Carnival Of Education

This week’s Carnival Of Education, hosted by The Ed Wonks, includes a post by Right Wing Prof on the disconnect between the expectations of high school teachers and college instructors. While 85 percent of secondary teachers think their students have the reading skills they’ll need for college, only 53 percent of professors agree. The differences are similar for writing and research skills.

A new ACT study also spotlights the preparation gap:

High school teachers believe states prepare students well for college-level work; however, roughly 65 percent of postsecondary instructors responded that their state’s standards prepared students poorly or very poorly for college-level work in English/writing, reading, and science.

D-Ed Reckoning has more on the ACT study, which finds college professors teaching the basics that are missed in high school. And complaining about it.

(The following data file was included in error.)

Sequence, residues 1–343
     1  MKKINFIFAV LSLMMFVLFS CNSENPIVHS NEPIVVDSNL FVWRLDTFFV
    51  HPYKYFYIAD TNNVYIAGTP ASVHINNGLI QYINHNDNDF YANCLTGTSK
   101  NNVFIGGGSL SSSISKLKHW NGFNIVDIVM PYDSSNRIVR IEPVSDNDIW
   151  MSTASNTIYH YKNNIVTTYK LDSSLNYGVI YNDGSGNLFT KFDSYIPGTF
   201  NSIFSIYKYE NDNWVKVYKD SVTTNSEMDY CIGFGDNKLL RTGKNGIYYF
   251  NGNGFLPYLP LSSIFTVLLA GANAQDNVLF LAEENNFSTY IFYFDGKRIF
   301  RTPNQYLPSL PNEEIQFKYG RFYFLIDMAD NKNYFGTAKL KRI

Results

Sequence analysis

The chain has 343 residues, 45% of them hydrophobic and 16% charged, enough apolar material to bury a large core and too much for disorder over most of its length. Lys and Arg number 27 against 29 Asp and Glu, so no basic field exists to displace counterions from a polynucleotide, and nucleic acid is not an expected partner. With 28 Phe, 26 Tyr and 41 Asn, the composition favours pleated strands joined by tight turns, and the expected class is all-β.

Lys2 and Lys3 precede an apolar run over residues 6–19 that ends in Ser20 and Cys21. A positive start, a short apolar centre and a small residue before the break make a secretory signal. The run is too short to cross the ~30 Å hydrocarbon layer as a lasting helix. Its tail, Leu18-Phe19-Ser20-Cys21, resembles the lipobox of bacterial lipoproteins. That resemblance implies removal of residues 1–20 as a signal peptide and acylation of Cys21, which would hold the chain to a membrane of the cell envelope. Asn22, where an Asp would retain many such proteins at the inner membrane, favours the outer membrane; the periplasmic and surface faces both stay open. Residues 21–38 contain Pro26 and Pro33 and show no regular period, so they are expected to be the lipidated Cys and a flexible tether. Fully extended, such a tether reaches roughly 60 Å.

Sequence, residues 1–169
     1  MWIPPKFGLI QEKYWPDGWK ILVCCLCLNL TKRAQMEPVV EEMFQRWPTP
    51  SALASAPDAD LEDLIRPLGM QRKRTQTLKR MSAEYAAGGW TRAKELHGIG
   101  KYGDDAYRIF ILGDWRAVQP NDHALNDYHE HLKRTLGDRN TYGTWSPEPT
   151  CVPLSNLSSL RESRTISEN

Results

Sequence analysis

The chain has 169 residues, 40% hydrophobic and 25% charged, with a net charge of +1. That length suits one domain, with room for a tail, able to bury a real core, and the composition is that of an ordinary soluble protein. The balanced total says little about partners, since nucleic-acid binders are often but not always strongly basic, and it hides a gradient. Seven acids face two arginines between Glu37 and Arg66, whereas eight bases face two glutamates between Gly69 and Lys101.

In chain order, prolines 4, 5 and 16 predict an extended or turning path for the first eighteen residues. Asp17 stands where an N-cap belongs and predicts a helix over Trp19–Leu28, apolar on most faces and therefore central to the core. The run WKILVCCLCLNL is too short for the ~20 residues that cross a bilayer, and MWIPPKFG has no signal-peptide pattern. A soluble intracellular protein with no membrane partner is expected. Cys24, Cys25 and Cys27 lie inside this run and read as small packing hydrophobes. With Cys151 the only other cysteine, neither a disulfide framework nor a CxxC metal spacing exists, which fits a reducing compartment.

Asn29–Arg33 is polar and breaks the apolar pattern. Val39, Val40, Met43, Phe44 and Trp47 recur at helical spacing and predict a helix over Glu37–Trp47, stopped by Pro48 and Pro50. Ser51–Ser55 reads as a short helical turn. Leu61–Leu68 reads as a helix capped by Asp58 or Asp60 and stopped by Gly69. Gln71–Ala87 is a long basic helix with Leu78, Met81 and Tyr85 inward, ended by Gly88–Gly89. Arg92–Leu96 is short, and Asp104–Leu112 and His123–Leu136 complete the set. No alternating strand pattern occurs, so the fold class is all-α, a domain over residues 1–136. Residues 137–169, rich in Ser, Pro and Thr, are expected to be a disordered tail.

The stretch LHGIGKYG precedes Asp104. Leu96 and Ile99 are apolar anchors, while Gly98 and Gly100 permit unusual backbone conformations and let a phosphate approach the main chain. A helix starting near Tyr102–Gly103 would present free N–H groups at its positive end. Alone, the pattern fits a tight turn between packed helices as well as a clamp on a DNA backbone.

In writing, college instructors place more emphasis on the fundamentals – basic grammar, sentence structure and punctuation – than their high school counterparts.

. . . High school teachers valued exposure to advanced math content to a greater degree than college faculty, who placed more emphasis on understanding the fundamental underlying math skills and processes.

College seems awfully late to be teaching sentence structure.

About Joanne


  1. College? How about post-law school? Every lawyer I know laments the writing skills of newbie attorneys. These are people who, invariably, performed well in high school and college, and made it through law school– yet I find papers and letters often filled with run-ons, misplaced modifiers, fragments–you name it– in writing that is supposed to be of a much higher quality than my comment here (which I threw in, on the good chance that this comment contains errors! 🙂 )